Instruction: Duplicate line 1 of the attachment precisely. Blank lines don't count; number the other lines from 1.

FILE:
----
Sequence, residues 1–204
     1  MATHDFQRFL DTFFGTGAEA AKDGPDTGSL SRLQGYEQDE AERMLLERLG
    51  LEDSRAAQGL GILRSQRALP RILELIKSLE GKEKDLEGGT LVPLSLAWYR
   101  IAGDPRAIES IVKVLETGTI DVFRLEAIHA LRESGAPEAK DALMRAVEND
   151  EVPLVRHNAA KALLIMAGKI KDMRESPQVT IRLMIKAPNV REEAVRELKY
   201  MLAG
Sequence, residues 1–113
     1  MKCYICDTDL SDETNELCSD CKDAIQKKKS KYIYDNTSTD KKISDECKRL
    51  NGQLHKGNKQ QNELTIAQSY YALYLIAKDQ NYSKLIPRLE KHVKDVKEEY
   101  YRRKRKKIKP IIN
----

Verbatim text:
Sequence, residues 1–204